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Just recently, Mariana-Aga, a fellow baker who I have great respect for and who is an occasional poster here, presented a very interesting paper with extensive photos on the development of gluten. For the purposes of her research and documentation she used a food processor to mix and develop, then over develop the dough. All of the various stages are carefully documented and you can see the tell tale signs of the dough being over worked and ruined.

 This experiment shows what over kneading will do to your dough. It is also possible to over develop your dough by simply over fermenting it, either at room temperature or in the refrigerator. We have all had a dough turn slack and sticky from not being attended to in the proper time.In fact unless you use a food processor, it is very hard to mechanically over develop or over mix your dough at home. The mixers most home bakers use are not capable of over mixing unless you take a long nap while mixing.

If you don't learn anything more from this great post other than to finally know that there is no fixing it if you get in this situation. I have tried adding more flour to the extreme, and it never works. You may as well resign yourself that this will never be right and toss it in the compost.

If you have seen this, you know what I'm talking about!

And finally, I learned a nice trick for cleaning that unbelievably sticky gooey dough mess from my bowls and hands. This alone is reason enough to visit this very informative blog post by Mariana.. I hope some of you find it as interesting as I have.


PS: This page is written in Russian. Google Translate had no trouble translating to English.

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Larry (Wally) posted his version of Sam Fromartz's award winning Baguette's last week and after reading the post, I thought I would try it again. First I copied Larry's recipe and method and then I went to look at the original write up by the author/baker. There were a few small things that separate the two methods but the formula I think was right on. When you look at Sam's images of his breads, well they are stunning. The crust has just the right amount of color and spring. They look crisp and well, just perfect.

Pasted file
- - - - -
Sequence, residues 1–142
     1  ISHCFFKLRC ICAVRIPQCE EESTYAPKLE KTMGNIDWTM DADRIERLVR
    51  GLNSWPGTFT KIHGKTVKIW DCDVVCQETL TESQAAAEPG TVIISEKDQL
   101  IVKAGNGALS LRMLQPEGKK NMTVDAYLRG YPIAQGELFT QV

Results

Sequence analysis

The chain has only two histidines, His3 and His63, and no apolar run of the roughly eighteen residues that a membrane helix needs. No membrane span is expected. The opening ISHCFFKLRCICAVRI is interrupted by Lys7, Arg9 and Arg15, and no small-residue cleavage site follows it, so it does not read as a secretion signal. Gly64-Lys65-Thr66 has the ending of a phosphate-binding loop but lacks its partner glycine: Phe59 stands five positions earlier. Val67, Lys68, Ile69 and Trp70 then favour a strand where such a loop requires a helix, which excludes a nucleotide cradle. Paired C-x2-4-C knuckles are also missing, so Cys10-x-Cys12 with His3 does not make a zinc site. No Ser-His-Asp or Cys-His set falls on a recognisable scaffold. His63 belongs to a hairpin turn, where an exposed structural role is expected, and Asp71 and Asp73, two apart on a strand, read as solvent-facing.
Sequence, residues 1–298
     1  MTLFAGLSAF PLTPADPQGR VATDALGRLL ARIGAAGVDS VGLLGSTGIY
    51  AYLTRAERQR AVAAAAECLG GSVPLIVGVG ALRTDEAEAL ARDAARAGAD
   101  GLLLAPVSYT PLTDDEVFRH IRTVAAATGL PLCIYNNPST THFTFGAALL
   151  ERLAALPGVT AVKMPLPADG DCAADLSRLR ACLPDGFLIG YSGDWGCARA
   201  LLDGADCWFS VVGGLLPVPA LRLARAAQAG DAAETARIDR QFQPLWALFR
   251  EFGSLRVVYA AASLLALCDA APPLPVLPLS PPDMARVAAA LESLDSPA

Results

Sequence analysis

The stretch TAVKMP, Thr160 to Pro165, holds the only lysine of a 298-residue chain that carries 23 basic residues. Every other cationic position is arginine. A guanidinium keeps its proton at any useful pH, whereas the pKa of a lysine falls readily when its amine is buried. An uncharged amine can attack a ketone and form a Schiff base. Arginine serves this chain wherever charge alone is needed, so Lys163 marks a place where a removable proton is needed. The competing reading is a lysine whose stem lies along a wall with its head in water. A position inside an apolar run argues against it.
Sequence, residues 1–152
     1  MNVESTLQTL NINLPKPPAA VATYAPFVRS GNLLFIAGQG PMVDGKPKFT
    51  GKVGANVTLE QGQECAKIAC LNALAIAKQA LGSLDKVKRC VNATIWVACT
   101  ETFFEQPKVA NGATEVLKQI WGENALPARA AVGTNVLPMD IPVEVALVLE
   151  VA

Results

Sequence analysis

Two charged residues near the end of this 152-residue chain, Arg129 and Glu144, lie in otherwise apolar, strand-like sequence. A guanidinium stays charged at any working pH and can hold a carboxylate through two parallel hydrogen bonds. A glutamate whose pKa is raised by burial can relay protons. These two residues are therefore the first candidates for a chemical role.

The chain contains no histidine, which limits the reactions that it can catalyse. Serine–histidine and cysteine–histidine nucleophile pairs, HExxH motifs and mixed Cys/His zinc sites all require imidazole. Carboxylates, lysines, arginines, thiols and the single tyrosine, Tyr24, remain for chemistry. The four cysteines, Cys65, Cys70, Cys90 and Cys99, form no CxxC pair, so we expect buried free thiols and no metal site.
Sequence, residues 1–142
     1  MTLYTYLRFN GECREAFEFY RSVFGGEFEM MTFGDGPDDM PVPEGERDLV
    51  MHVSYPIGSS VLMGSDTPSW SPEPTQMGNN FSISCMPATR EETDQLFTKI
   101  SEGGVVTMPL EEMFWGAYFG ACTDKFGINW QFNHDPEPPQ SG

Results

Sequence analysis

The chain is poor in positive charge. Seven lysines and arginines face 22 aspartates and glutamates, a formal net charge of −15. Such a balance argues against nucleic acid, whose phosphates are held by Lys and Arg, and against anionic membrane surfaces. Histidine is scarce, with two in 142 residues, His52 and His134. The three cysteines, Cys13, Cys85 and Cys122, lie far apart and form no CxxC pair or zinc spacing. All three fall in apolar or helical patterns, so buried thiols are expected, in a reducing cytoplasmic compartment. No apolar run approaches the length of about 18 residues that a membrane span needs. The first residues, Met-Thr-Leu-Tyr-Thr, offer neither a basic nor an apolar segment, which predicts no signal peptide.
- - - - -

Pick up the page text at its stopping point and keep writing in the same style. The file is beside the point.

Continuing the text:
I'm not new to baguettes but I am always willing to bow to a master when it comes to improving the art form. Baguettes are 90% technique and 10% formula, I'm certain. So my intention here is to read closely the instructions Sam has left for us to understand. No detail is too small.

I made 2 batches yesterday, a 500g and a 1000 g mix. I thought I would bake the first 2 pairs of 250g baguettes, followed by the next 4, 2 at a time. This gives me a chance to evaluate the process and make some changes along the way. I was taken at how hard it was for me to keep from what I normally do and make a change no matter how small. Proofing in the couche cloth seam side down for example was a challenge for me. I had to re think my handling process and make a change.

In the end I only have one item that I didn't remember to change over to Sam's method and I think it will make a big difference in a positive way. That would be moving my stone up from the second shelf to the middle shelf. A seemingly small thing but the breads will get a more intense heat and brown up there I'm certain.

We taste tested this afternoon and the verdict is the bread is exceptionally tasty and has a nice mouth feel and after taste. The aroma is very original to me from my long ago memory of a wonderful baguette in Paris.

What I have learned from this exercise so far is that with a baguette, everything matters. There are many ways to make a good loaf, but, far fewer ways to make a really great loaf. I need to raise the bar and focus on the smallest details to make them as good as I possably can. Soon enough.


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I cooked a 10 pound corned beef today and we had a New England boiled dinner. It's my start of the St. Patrick's holiday meals. Tomorrow will be the corned beef sandwiches on the Rye below. I have made this Deli style Rye a hundred times and just about every time I swear I ruined it and don't expect it to spring in the oven. When I open the door and see that nice puffy brown loaf I can smell the caraway and I just know I beat the odds one more time. That's the thing about rye, especially really sour rye that sat on the counter for 24 hours and the fridge for 2 days. It's been hectic around here and I didn't get to it when I had planned.This is evidence that even ugly bread can be delicious. I don't know WHAT I was thinking when I slashed  these two. It certainly wasn't baking. These have a poppy seed and large crystal salt topping.

One loaf will go to my son along with a care package of a couple pounds of meat and potatoes/carrots. I think  I need to go down to his apartment and bang some pans today to check for survivors from last night.